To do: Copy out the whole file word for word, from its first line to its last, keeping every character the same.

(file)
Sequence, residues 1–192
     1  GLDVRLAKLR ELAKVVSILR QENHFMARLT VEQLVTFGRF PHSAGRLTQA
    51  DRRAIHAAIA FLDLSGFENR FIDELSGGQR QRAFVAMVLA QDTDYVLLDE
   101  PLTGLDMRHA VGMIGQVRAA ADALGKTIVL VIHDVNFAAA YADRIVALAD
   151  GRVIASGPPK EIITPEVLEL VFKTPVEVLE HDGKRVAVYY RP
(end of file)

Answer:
Sequence, residues 1–192
     1  GLDVRLAKLR ELAKVVSILR QENHFMARLT VEQLVTFGRF PHSAGRLTQA
    51  DRRAIHAAIA FLDLSGFENR FIDELSGGQR QRAFVAMVLA QDTDYVLLDE
   101  PLTGLDMRHA VGMIGQVRAA ADALGKTIVL VIHDVNFAAA YADRIVALAD
   151  GRVIASGPPK EIITPEVLEL VFKTPVEVLE HDGKRVAVYY RP